Across Europe the meaning of corruption and political interference differs.  Disagreements over the nature of the corrupt influence of some of the persons, sanctioned or soon to be sanctioned, are likely, especially the sanctions affect economic interests. More importantly, there are differences among the national security priorities of European states and even among different agencies within one country. This perhaps explains the disagreements among sanction-issuing nations, (six besides the United States). The Russia Sanctions Database of the Atlantic Council reveals that many sanctioned individuals do not appear on all seven lists.    

Enforcing sanctions may also reveal due process issues. Sanctions originating in concerns about corrupt influence sanctions could face legal challenges comparable to those created by the spread of counterterrorism regulation outside the US context. If the primary goal of the sanctions is to prevent further spreading of influence, that leaves little room for retributive or restorative justice. Rather, the primary goal of such action is preventive justice, in which criminal law regulation of corruption is largely replaced with broad regulatory actions rooted in administrative law.

Legal challenges may be problematic, even if, as in the case of Russian oligarch Roman Abramovich, EU courts entertain a challenge on fundamental rights grounds. For a win in a European court may be of little value. Banks would still be reluctant to do business with a person targeted by the US if it put them at risk of losing access to US financial markets.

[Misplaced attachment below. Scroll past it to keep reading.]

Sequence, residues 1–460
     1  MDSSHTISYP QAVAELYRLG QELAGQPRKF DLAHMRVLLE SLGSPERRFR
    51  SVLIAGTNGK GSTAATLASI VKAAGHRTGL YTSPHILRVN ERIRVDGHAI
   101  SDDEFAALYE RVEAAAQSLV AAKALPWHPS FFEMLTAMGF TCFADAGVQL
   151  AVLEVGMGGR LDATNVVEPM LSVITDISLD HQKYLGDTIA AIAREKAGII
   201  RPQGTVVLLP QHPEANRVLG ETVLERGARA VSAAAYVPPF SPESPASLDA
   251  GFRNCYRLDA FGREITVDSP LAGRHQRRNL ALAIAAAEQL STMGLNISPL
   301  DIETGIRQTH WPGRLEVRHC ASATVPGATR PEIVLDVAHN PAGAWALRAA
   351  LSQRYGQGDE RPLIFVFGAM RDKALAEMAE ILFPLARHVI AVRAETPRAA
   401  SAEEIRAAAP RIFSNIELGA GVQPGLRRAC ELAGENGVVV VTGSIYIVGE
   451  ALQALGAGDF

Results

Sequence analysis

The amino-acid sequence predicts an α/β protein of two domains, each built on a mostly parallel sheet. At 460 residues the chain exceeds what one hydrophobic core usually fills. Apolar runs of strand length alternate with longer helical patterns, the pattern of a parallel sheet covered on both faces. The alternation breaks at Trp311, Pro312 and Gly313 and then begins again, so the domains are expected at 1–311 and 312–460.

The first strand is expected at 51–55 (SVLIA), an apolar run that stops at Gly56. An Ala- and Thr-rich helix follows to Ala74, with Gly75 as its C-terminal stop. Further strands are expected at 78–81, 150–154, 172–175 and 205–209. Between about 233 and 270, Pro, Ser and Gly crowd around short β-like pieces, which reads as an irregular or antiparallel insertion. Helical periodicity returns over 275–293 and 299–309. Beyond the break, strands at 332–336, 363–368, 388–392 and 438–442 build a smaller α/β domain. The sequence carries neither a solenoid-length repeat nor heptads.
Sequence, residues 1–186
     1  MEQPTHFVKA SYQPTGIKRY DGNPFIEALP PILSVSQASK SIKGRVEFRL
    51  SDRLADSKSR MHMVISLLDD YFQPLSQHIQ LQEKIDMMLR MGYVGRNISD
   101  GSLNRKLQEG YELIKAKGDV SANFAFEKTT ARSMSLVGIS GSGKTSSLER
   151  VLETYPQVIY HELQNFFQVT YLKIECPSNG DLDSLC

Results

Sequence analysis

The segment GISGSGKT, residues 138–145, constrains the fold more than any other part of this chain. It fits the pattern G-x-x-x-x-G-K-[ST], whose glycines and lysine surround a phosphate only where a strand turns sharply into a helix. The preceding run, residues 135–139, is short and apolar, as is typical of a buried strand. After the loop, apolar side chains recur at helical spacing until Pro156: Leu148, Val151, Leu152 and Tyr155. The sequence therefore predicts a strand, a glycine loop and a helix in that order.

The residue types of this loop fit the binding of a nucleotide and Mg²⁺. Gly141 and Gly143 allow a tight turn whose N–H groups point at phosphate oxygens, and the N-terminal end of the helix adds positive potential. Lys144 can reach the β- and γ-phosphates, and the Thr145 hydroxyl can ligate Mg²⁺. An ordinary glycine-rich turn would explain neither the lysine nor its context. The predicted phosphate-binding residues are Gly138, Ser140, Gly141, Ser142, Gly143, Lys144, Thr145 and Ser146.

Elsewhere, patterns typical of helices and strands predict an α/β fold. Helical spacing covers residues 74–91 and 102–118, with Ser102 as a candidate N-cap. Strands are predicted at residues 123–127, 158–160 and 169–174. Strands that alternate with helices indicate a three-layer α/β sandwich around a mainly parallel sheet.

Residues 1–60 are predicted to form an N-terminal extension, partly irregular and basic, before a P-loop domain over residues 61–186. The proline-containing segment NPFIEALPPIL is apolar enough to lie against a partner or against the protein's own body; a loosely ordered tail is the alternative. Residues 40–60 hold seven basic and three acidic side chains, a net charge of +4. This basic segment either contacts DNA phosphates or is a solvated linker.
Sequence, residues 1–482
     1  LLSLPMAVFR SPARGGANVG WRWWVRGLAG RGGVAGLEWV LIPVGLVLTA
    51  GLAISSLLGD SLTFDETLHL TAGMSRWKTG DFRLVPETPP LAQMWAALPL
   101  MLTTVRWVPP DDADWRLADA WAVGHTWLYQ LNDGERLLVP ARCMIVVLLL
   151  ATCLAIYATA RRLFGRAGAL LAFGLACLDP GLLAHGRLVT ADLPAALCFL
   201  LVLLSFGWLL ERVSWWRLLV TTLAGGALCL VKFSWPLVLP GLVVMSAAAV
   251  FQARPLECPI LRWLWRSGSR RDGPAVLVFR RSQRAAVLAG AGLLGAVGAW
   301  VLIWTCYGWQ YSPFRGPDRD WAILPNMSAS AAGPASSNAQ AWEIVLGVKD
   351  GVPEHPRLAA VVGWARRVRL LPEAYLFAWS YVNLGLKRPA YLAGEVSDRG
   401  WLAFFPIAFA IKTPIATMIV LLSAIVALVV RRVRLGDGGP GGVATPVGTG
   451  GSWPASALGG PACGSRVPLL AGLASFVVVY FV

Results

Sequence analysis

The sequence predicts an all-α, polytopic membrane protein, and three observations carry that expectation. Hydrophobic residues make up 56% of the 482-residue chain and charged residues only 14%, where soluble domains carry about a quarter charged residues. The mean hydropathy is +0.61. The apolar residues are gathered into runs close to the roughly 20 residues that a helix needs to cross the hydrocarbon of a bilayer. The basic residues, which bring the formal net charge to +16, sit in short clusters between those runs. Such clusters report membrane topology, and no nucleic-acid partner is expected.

For that reason, the central role in the enforcement of these sanctions is the role of the private sector, especially the banking sector, as it is required to monitor, flag, and report suspicious transactions or face the punishment of the domestic or US-based regulators. Ironically, the consequences of treating corruption as a national security matter could bring the best and the worst from the regulation of terrorism and unilateral sanctions. Greater efficiency from the latter but overcompliance thanks to the former.

Whether the “national securitization” of corruption is merely a refocus of anticorruption policy or an important paradigm shift depends much on where one stands. To the scholars and practitioners who for years warned about the rise of strategic corruption and the need to address the rising kleptocracy not only abroad but at home, the shift may mean merely a welcome focus on a problem they long warned about. To those in developing countries, used to being an object of anticorruption interventions, the national securitization may mean even more, for it shifts the center of gravity for enforcement to actions against kleptocracy in the West.

This is why I argue national securitization is closer to a paradigm shift then merely a policy shift reflected in such matters as a change in the discourse employed by US thinktanks, policymakers, and development agencies. Much focus is now on kleptocracy and – a word rarely used before – dekleptification. This is a welcome change. The previous reductive use of the term kleptocracy was applied mostly to third world Francophone countries. Not only was it inaccurate but it implied (intentionally or not) a certain degree of racism.